Tablet Sales Expected To Soar In China - InformationWeek

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Tablet Sales Expected To Soar In China

China's appetite for slates could exceed 7 million and show 10-fold growth over the next five years, research firm says.

Stellar sales of Apple's iPad led a global multimedia consulting firm to release a report predicting major growth in China's tablet computer market. A number of domestic manufacturers have been releasing their own competing products to try to take a piece of the tablet pie, and it appears that their greatest hope lies with Google's Android platform.

In-Stat released a report forecasting that by 2014, sales of tablet computers in China could exceed 7 million and show 10-fold growth, according to Sina.

"Worldwide it took the iPod one and a half years to reach sales of 1 million and it took the iPhone 74 days. The iPad, on the other hand, only needed 28 days. In China it took the iPhone one and a half years to reach sales of 1 million. How long will it take the iPad? In-Stat optimistically projects eight months," In-Stat China analyst Liu Qing told Sina.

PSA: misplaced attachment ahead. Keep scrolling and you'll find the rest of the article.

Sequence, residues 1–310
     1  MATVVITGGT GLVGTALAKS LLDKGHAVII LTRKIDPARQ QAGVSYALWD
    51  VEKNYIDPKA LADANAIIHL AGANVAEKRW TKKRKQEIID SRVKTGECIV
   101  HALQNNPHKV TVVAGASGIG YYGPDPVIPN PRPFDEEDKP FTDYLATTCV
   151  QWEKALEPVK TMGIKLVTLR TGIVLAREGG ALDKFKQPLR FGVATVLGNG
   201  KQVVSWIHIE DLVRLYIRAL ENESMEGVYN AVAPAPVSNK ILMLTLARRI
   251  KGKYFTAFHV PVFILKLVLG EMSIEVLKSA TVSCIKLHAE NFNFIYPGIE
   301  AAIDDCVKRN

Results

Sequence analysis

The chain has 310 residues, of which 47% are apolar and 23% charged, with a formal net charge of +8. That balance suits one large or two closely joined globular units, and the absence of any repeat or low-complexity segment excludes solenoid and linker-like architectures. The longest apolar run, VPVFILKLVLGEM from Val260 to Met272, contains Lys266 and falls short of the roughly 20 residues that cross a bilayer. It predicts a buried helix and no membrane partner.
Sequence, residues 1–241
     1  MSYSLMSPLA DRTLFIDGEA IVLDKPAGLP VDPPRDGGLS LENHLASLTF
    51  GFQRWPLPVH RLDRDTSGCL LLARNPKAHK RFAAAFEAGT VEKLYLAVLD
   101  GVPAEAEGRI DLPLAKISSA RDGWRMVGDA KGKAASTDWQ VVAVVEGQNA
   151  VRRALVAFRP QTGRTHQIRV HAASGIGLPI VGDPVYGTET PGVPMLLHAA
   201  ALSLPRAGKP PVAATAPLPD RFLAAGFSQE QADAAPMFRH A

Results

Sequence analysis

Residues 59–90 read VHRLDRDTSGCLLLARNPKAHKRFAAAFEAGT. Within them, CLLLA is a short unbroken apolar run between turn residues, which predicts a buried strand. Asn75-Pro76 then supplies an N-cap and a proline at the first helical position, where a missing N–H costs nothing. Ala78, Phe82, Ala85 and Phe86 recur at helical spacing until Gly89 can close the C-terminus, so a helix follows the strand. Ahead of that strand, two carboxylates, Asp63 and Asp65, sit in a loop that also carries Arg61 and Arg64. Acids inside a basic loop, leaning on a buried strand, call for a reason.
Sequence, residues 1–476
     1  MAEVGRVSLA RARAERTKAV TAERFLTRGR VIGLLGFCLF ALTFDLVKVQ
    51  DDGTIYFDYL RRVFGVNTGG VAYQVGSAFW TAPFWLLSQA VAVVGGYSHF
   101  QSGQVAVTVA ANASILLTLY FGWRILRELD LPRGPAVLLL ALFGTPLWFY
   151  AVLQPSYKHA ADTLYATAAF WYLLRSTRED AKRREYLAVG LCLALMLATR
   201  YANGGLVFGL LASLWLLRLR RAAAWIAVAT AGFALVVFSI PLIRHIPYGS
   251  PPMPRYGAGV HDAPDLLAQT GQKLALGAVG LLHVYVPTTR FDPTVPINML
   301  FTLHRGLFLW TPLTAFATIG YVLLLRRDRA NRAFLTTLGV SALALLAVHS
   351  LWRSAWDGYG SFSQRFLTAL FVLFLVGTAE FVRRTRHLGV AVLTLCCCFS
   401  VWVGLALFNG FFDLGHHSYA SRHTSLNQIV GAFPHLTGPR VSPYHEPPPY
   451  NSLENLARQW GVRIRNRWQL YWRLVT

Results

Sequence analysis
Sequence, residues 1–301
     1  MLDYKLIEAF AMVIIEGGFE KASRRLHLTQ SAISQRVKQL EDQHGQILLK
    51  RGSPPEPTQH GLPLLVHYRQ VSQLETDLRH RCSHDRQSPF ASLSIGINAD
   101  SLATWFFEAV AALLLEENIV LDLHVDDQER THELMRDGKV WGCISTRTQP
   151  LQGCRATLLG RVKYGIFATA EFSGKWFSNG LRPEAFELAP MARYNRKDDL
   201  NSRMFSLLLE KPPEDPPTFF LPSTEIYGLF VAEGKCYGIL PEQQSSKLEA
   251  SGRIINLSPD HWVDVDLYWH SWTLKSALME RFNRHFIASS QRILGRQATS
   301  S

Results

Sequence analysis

In line with the iPad's daily growth in popularity are a number of domestic companies looking to get their hands on the market. Last month Hanvon (aka Hanwang) released the TouchPad, its own version of the tablet computer that runs using Windows. Aigo sent out its own waves Tuesday when it released two tablet computer models that utilize ARM architecture and the Android platform, Sina reported.

A key to gaining a loyal consumer following in the tablet market is applications. Both Hanvon and Aigo have announced plans to launch application stores, but it will be an almost impossible task for them to match the scope of Apple's App Store.

Their hope may lie with Android. Aigo Chairman Qu Jingdong said that his company chose Android because of its openness and the abundant software and application choices available to satisfy consumers.

In-State's Liu seems to back Qu's decision, at least over the long term. Liu told Sina: "Tablets that run Windows are more like PCs or notebooks used daily for work, so users more easily accept them. The Android platform leans toward entertainment and relies on applications. In the short term I place my money on Windows, but in the long term Android has greater room for growth."

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